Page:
A Top Spot
We lobbed at the marbles at 1:30pm, and a fair collection of caravans, cars and tents (where do they put the pegs in a rock carpark?) were already in the area next to the marbles. A scrawny looking dingo was laying across the roadway as we passed the ‘camping fee’ box (an impressive $7.70/night for a family – 2 adults and 4 children) and looked for a site. (Caitlyn though that the ‘doggie’ looked cute – sure; got a spare baby as breakfast?)
We couldn’t believe our luck as we pulled up to the end and scored a park right next to the marbles, under a shady tree and with a BBQ bench. Surely a no-parking sign or a concealed park ranger waiting to leap out and fine us, but no, just a top spot!
You know anything about fridges?
We hadn’t long finished levelling everything up (chocks under the rear wheels to lessen the load on the tow-ball – because we didn’t want to unhitch) and pop the top in this top spot, when a guy came up and asked if we knew anything about running fridges on gas in Jayco’s
Being the seasoned expert (we’d run the fridge on gas once to make sure it got cold), Chris claimed guru status and went to sort it out.
Bruce, Kate and their daughters Gemma and Ella have a Jayco Flamingo (same size as a Swan, but different internal layout) and a couple of tweaks and button presses later they were cooling with gas. Chris is sure it was all working OK before he messed with it, but perhaps Bruce hadn’t pressed the pietzo enough times to light the gas under the heat exchanger.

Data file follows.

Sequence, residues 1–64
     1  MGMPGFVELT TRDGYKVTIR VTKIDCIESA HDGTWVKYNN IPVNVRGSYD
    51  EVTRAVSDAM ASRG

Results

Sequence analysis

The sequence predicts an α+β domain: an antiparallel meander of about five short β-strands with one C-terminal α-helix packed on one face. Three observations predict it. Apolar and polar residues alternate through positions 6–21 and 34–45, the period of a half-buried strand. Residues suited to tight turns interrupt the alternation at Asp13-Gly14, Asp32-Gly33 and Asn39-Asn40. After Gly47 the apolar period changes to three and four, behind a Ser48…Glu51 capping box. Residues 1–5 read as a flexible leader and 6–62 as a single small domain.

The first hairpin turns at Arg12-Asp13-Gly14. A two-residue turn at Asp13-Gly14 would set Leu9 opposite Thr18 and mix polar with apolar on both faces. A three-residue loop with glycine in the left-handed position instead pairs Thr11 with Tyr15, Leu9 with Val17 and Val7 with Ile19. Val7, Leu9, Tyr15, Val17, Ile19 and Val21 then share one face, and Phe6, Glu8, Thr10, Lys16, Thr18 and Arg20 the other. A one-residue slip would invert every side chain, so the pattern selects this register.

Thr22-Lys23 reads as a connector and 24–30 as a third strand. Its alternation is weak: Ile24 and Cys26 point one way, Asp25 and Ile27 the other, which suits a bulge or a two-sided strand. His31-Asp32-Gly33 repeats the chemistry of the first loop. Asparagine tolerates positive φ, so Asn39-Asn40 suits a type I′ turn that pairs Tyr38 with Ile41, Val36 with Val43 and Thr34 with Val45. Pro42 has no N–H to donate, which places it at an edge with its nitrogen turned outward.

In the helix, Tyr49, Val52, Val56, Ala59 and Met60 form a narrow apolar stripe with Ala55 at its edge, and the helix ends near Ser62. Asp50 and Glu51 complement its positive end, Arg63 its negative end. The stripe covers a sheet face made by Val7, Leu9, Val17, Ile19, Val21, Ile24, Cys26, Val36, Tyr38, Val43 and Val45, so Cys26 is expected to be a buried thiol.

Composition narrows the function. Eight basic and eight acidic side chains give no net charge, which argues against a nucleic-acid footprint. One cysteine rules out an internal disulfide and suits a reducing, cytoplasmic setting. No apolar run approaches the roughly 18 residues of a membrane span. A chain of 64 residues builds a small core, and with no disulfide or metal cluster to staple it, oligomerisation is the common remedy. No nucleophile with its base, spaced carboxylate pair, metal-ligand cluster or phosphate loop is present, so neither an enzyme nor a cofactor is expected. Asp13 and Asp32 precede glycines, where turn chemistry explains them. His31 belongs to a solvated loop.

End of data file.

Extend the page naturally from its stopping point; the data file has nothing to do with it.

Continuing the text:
Then off to explore the marbles.
- The marbles are known as Karlu Karlu in all four local Aboriginal languages
- The marbles were formed from an upsuge of molten rock that cooled and became solid beneath a layer of sandstone
- The marbles are located approximately 400km north of Alice Springs on the Stuart Highway
The wind and erosion of millions of years has shaped these massive pieces of granite into almost perfect egg and sphere shapes that perch on top of each other in a most un-natural way. Any minute you think that one of these million tonne balls of rock will dislodge and roll down the hillside crushing people like ants. But they stay there perfectly balanced just as the Devil placed them.
The physics of freeze-thaw erosion can be seen all over the landscape where ends of the marbles have been dramatically severed from the main rock by the wedge of water-ice-water working to cleave the rocks apart. Millions of years parted in a split second.
We came across Bruce, Kate and the girls on the rocks again and the ‘big men’ decided to go look at a perfect marble in the distance – and we struck off on an unmarked path with sharp spiny grasses cutting our legs to bits to get there (only to discover that the easy path was slightly to our left)
The late afternoon light casts a reddish glow on all the rock and I was keen to get some (no people in them) photos, which I duly did – plus a couple of Charles Atlas poses lifting the marble.
Crackers and Dip
We marked sunset by sitting on a perch, with home-made spicy curry dip and a beer (no champers!), looking back over the rocks as the sun dropped in the west and turned the marbles through different shades of red through to black.
And then with Matthew and Caitlyn snugly tucked up in bed, we sat under a cloudless sky with a canopy of stars – waiting for the Aliens to miss Wycliffe Well and beam down to say gudday. Thankfully they didn’t – just four meteors streaking across the sky.